Saturday, 13 January 2007

Lethal injection challenged as “cruel and unusual” fate

A ruling by a California judge that requires a qualified anaesthetist to be present during executions by lethal injection has postponed the planned killing of a convicted murderer—because no medical professionals could be found to participate in the procedure in time.

Michael McCarthy reports.

California officials have postponed the execution of a convicted murderer by lethal injection after they were unable to find medical personnel willing to participate in the execution.
Lawyers for 46-year-old Michael Angelo Morales had sought a stay of execution, arguing that the state's standard execution method exposed the prisoner to excessive pain and therefore violated the 8th Amendment of the US Constitution, which forbids “cruel and unusual punishments”.

In 1981, Morales, then 21 years old, with his cousin Ricky Ortega, murdered 17-year-old Terri Winchell. According to prosecution testimony, Ortega was angry with Winchell because she had become the girlfriend of his homosexual lover. Morales was convicted of the crime and sentenced to death. Ortega was given a life sentence. Morales' legal appeals and petition for clemency have been rejected.

Current California protocol for execution calls for the administration of 5 g of the barbiturate sodium thiopental to induce unconsciousness, followed by 50 or 100 mg of pancuronium bromide to induce paralysis, and then 50 to 100 milliequivalents of potassium chloride to induce cardiac arrest.

Morales' lawyers argued that there was an undue risk that Morales would be conscious when the pancuronium bromide and potassium chloride were administered so that he would be awake when he suffocated as a result of the paralysis and would feel excruciating pain when the potassium was injected.

The state argued that the dose of the sodium thiopental was more than sufficient to render Morales unconscious. Morales' lawyers challenged that claim by pointing to state execution logs indicating that several prisoners had continued to breathe and move after the sodium thiopental should have taken effect.

The US District Court Judge who heard the case, Judge Jeremy Fogel, ruled that the state must either do the execution with an overdose of barbiturates alone administered by someone medically qualified to give intravenous medications or, if the state wished to use the standard three-drug protocol, a qualified anaesthetist must be present at the execution.
To comply with Fogel's order, corrections officials recruited two anaesthetists, one for back up, but they pulled out just hours before the execution after learning that they would be required to intervene should Morales seem to regain consciousness.

“While we contemplated a positive role that might enable us to verify a humane execution protocol for Mr Morales”, the two anaesthetists said in a statement, “what is being asked of us now is ethically unacceptable.”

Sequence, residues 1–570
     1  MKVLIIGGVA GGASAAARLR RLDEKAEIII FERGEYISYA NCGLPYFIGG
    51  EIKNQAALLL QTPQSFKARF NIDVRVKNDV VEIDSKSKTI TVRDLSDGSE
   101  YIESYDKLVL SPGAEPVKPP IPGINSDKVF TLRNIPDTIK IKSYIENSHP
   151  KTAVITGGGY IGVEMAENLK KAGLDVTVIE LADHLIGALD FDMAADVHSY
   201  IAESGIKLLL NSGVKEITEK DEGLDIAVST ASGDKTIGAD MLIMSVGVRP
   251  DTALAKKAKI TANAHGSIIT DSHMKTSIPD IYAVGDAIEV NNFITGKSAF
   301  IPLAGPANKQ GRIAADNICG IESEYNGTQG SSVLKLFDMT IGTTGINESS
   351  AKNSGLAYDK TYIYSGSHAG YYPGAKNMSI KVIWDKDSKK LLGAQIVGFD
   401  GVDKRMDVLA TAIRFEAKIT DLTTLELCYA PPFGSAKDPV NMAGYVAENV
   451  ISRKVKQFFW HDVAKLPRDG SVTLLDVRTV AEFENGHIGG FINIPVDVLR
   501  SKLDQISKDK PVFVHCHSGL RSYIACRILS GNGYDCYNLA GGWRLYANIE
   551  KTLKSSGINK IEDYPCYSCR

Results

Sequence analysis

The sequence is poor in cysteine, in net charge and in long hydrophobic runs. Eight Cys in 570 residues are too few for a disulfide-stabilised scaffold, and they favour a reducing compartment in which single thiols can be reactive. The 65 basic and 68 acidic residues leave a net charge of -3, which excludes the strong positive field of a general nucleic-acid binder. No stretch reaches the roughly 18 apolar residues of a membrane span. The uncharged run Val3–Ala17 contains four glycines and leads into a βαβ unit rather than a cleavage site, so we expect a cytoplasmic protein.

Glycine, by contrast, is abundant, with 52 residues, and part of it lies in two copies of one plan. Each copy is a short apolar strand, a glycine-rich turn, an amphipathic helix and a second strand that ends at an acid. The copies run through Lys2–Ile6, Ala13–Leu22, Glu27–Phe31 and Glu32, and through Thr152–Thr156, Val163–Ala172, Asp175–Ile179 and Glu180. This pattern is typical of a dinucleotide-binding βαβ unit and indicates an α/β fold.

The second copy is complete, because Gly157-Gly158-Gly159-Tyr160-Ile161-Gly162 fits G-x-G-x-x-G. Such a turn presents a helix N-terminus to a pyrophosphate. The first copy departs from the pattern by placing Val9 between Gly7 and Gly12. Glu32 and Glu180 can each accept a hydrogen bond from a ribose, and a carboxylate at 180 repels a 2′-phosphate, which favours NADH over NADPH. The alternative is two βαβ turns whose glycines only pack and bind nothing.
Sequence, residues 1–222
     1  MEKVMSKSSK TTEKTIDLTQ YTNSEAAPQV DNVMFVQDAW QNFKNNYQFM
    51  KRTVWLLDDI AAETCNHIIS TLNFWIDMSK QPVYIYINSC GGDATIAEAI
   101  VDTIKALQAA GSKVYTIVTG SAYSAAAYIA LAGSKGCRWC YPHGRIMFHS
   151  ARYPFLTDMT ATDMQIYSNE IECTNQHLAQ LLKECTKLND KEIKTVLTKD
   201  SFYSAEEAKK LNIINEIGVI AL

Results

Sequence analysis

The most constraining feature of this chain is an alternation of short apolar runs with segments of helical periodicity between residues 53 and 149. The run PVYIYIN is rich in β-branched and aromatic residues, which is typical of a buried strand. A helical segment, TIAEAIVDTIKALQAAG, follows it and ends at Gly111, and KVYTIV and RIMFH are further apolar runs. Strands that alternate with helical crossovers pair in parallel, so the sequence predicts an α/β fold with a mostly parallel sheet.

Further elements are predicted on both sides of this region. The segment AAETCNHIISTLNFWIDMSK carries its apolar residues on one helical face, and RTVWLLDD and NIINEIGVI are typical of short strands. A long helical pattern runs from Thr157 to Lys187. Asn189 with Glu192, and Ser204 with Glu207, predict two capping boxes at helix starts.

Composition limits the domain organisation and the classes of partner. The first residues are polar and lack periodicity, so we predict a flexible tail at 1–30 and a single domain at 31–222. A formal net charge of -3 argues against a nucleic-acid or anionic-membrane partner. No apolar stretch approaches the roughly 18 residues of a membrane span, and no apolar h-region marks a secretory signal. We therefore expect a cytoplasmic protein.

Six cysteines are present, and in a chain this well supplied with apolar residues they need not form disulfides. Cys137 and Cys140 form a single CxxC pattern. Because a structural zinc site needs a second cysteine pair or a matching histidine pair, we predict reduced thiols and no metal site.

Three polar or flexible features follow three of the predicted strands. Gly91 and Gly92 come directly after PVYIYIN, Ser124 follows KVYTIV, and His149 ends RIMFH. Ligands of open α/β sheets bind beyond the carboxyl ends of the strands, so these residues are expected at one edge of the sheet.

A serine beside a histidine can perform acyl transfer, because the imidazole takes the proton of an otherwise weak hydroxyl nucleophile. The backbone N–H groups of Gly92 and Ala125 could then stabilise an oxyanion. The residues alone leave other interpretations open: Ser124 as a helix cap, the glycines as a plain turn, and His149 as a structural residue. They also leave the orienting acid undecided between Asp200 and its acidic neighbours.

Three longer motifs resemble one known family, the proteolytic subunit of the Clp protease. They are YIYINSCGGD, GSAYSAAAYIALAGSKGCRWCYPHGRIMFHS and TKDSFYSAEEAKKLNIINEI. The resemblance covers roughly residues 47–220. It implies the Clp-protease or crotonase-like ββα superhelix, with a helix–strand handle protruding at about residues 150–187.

Guidelines from the American Medical Association, the American College of Physicians, and the American Society of Anesthesiology forbid doctors from participating in executions.
But support for capital punishment is strong in the USA with 64% expressing support for the death penalty in a recent Gallup poll, and a survey of US physicians found that 21% of those polled said they would be willing to administer the lethal dose of drugs.

After the anaesthetists backed out, correction officials tried to find a medical professional to administer the barbiturate overdose allowed by the judge's order but were unable to do so before the death warrant had expired.

The case will now return to Judge Fogel's courtroom where in early May he will hold an evidentiary hearing on legal and scientific aspects of the states lethal injection protocol.
Supporters of the death penalty said the case did not present a serious legal challenge to capital punishment. Kent Scheidegger, legal director of the Criminal Justice Legal Foundation, said he expected that Fogel would rule either to uphold the current procedure or require minor changes. “I don't think a murderer has a [Constitutional] right to a painless death”, Scheidegger says.

But Richard Dieter, executive director of the Death Penalty Information Center, which tracks death penalty issues in the USA and abroad, predicted the issue will eventually end up in the US Supreme Court. But he noted the Supreme Court has not “shown much willingness to throw out the death penalty” and predicted that the Court would most likely require the states to come up with the “most humane, yet practical process”.

by Michael McCarthy

The Lancet, Volume 367, Number 9512, 04 March 2006

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